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  • Writer's pictureThe Ideal Team

Understanding Shingles

There is a growing number of cases of shingles in Canada. Approximately 130,000 Canadians are diagnosed with shingles each year, and that number is rising.

What are Shingles?

Shingles is a viral infection caused by the varicella-zoster virus, the same virus that causes chickenpox. After a person recovers from chickenpox, the virus can remain dormant in the nerve cells for years. However, in some cases, the virus can reactivate and cause shingles.

Shingles typically presents as a painful rash that usually appears on one side of the body or face. Symptoms can also appear on the face, eyes, mouth, and ears. The rash consists of small blisters that may scab over in a matter of days. Other symptoms may include itching, tingling, or a burning sensation in the affected area. This is most often the waist, chest, abdomen, or back.


Anyone who has had chickenpox can later develop shingles. Shingles is caused when the virus that causes chickenpox is reactivated in the body. The virus doesn't leave the body, even after a person has recovered from chickenpox. It can flare up again, causing shingles, often many years after a person has had chickenpox. The virus tends to reactivate when another health problem weakens a person's immune system.


People with shingles often experience a variety of symptoms. Here is a list of the most common.

  • a constant dull, burning, or gnawing pain, or sharp, stabbing pain that comes and goes

  • a skin rash that resembles chickenpox, but only affects certain areas

  • fluid-filled blisters that develop as part of the rash

  • For shingles that infect the eye, this can cause pain, redness, and swelling in and around the eye, as well as temporary or permanent loss of vision.

What are the risks?

Any person who has had chickenpox can get shingles. However, most people who do so are over the age of 50 or have a weakened immune system. According to the Government of Canada website on Infectious Diseases:

  • Some people experience pain around the rash site for a month or more–pain that is severe enough to interfere with daily activities.

  • Scratching the rash can also cause a secondary infection if harmful bacteria get into the sores.

  • Shingles on the face can involve the eyes, which is serious because it can cause scarring and blindness.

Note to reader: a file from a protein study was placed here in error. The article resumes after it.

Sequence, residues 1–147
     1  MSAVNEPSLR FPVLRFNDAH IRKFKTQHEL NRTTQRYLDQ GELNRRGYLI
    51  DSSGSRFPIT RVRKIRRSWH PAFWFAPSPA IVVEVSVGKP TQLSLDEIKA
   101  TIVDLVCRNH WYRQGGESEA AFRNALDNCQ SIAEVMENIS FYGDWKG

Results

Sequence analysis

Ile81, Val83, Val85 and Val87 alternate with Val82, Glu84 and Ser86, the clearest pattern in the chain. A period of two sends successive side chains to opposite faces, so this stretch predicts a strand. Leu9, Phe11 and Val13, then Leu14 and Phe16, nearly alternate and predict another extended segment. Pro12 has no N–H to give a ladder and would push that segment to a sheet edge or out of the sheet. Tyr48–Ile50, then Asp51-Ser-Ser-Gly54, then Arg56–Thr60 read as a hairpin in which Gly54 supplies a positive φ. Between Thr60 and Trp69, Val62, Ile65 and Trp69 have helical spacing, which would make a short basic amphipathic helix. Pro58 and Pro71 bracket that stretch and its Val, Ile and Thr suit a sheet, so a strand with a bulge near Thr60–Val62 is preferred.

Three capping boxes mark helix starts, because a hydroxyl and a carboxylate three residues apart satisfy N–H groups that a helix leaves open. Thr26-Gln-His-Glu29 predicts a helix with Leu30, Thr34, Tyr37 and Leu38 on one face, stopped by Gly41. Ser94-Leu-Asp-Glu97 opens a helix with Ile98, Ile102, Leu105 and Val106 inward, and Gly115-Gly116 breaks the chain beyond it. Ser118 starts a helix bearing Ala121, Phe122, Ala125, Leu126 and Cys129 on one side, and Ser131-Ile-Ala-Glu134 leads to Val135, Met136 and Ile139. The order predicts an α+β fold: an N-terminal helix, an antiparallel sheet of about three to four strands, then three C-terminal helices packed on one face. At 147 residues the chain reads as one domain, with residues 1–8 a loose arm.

• The occurrence and severity of shingles and its complications increase with age.


The best protection from shingles is vaccination. The Canadian government recommends the vaccine for most people 60 and older. Always consult your doctor or other health care professionals if you should be vaccinated, depending on your personal medical history.

If you suspect you have shingles, it is advisable to seek medical attention. A healthcare professional can make a diagnosis based on the appearance of the rash and associated symptoms. Early treatment with antiviral medication can help reduce the severity and duration of the illness.


If you suspect you have shingles or are concerned with changes to your health, consult your doctor immediately. They will be able to diagnose and provide treatment, such as antiviral medication.In addition to medication, there are other ways to manage the symptoms of shingles. Over-the-counter pain relievers can help alleviate discomfort, and calamine lotion or cool compresses can soothe itching and irritation. It is important to keep the affected area clean and avoid scratching or picking at the blisters to prevent infection.

If you have shingles, it is important to take steps to prevent the spread of the virus. Avoid close contact with individuals who have not had chickenpox or the vaccine, especially pregnant women, newborns, and individuals with weakened immune systems. Covering the rash with a bandage or clothing can also reduce the risk of transmission.


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